Published

Floaters

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image : livescience.com/

“My floaters followed the motion of her hand, lurching gelatinously whenever my eyes moved.” That’s the excerpt Truth Serum Press used to promote my story for their fiction anthology.

This story is one of my earliest. It is among the first read to my writing group in early 2015. A dozen times rejected, it underwent a major rewrite somewhere along the way. Reading it now I still see many flaws, but reprint it here, warts and all.

FLOATERS

by DL Shirey

I noticed floaters whenever the room was lit; particles danced in the periphery, my vision framed by ghostly specks.

Long before I knew them better, an ophthalmologist explained. She palmed a plastic replica the size of a grapefruit, popped apart each nested section of the eyeball and placed them on a stainless steel tray. As a fleet of half-orbs rocked upon flat metal, the doctor held one up.
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Published

Tiny Black Fingers

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image : garygardiner.com

This story was published in Volume 2, Issue 4 of Thing Magazine back in June 2017. The only way to read this Ezine is to subscribe and get it delivered via email. So, for those who missed it, may I present…

Tiny Black Fingers

by DL Shirey

The baby slumped on my shoulder, noiseless except rapid breathing. Tiny black fingers slipped around my neck, a grasp of desperation, pulling at my pale skin. His name was Sam and his grip relaxed slightly when I stroked the hair on his head. He finally realized the man who pulled him from his hiding place was not the one who abused him.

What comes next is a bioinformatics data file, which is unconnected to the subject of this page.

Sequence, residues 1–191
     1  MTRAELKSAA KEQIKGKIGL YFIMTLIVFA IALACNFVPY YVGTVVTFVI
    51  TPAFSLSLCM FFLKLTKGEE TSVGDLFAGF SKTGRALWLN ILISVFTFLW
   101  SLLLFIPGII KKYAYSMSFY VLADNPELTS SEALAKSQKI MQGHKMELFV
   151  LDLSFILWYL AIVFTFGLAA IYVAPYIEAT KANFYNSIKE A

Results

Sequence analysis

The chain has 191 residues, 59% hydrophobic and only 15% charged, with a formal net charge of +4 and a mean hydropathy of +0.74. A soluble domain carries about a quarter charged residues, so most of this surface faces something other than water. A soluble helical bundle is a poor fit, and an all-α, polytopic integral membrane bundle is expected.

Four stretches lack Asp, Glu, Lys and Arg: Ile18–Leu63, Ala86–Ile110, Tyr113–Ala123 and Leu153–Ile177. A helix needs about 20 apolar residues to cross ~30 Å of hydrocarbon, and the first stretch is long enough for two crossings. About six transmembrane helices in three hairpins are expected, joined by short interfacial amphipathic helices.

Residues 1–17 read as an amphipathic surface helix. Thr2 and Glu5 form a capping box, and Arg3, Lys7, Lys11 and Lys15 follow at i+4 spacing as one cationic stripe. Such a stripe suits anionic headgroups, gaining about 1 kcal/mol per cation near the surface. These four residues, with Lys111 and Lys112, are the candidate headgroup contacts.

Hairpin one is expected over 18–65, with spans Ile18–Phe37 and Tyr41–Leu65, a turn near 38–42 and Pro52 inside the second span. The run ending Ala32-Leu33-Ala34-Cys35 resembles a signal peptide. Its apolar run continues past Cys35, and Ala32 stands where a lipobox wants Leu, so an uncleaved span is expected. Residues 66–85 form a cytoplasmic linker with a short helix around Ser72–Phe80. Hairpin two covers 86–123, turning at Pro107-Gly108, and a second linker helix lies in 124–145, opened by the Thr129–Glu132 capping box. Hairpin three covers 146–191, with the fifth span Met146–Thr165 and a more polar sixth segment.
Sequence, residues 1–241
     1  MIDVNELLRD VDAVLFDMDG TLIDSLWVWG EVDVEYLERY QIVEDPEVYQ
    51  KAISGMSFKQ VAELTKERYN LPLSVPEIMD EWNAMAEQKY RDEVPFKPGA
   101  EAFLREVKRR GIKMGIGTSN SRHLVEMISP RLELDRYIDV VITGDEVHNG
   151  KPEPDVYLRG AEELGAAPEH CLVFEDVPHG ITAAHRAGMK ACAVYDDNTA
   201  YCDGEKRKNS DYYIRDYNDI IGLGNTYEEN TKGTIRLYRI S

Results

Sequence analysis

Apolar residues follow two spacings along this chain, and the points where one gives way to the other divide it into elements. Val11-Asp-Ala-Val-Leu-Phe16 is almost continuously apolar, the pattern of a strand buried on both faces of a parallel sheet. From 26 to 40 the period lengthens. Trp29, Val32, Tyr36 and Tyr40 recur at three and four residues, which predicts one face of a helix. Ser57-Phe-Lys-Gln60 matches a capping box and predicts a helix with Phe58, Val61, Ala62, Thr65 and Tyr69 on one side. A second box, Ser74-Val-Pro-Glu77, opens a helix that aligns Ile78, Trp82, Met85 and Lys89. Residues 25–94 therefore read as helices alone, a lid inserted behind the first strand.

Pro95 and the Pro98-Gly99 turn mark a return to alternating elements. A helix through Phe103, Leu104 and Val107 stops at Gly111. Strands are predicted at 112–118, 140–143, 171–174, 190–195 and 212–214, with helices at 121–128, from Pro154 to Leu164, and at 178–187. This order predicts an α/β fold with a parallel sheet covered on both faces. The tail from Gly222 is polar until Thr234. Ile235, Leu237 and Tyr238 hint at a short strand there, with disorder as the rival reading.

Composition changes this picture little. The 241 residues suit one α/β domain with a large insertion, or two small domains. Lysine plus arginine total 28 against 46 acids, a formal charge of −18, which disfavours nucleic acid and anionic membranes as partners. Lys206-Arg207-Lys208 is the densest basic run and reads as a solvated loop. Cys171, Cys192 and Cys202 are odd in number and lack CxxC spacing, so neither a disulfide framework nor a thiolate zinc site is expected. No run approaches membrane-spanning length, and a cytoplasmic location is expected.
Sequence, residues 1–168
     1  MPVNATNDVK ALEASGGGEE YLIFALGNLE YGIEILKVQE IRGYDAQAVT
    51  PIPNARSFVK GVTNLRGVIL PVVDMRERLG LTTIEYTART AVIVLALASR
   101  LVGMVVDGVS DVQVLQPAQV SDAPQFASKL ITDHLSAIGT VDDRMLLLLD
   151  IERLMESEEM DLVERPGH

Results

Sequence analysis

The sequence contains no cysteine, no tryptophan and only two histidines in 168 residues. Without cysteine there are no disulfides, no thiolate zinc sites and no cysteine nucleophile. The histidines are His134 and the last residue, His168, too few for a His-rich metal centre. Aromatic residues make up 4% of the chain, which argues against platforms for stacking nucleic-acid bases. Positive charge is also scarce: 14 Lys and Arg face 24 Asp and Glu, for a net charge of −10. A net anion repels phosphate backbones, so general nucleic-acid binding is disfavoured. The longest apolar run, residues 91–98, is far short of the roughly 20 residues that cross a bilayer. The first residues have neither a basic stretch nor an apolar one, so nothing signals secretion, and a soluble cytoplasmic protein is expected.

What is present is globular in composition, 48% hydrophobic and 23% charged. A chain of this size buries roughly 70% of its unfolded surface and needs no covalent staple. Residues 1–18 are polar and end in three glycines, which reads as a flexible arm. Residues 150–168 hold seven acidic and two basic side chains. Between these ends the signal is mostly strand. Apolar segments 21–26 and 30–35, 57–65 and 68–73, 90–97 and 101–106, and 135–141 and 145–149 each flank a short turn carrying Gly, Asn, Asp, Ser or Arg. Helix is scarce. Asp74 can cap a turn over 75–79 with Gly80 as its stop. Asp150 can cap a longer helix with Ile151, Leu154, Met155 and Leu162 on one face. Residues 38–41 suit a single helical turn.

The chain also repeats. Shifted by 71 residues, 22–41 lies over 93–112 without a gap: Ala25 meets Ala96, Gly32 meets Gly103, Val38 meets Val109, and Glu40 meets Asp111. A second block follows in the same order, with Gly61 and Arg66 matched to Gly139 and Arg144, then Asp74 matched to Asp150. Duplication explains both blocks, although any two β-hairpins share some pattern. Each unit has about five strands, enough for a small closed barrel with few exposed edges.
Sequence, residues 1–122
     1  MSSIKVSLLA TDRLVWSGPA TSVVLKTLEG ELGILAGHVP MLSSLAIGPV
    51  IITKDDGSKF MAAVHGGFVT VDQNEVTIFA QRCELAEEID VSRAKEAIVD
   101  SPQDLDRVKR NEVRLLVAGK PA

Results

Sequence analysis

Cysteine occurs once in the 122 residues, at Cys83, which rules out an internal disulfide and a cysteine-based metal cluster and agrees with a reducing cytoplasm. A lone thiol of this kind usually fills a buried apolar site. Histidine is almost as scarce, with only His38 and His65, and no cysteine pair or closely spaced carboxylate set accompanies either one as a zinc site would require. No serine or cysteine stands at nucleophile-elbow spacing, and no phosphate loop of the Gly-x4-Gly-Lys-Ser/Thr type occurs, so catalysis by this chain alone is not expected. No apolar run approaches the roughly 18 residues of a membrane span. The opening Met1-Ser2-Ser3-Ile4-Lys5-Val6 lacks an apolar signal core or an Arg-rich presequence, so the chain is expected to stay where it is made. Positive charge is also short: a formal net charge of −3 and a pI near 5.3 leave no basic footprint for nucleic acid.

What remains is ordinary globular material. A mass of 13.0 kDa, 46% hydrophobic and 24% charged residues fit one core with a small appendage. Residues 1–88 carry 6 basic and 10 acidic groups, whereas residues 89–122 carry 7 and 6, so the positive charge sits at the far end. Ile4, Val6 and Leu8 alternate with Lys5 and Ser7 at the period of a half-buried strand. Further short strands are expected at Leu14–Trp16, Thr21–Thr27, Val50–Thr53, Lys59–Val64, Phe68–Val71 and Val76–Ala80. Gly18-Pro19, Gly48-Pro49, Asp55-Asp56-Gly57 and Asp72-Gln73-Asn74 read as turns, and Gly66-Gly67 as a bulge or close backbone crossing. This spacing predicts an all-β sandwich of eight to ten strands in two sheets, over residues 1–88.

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Published

How To Blink

barfight
image : VOZDRA BiH

In June 2017, The Citron Review published my account of a bar fight, from the perspective of someone waiting for the first punch to be thrown. Reprinted for you now: 

 

How To Blink

by DL Shirey

I’m nose to nose with a guy who has a neck tattoo. It wouldn’t be fair to let you imagine some seedy joint filled with bikers and angry drunks. It’s a spotless cantina in a Mexican chain restaurant and the tattoo in question is that of a cartoon duck. Even though my opponent and his posse look like they walked out of an algebra class, looks can be deceiving.

Be he mathlete or meth-head, I never start the fight. I look into my opponent’s eyes and concentrate on blinking normally. That and not being the first to talk. If Donald Duck, here, speaks before throwing-down, chances are he’s looking for an out. I am happy to de-escalate, welcome it, actually. However, I am always prepared to counter.

Blink.

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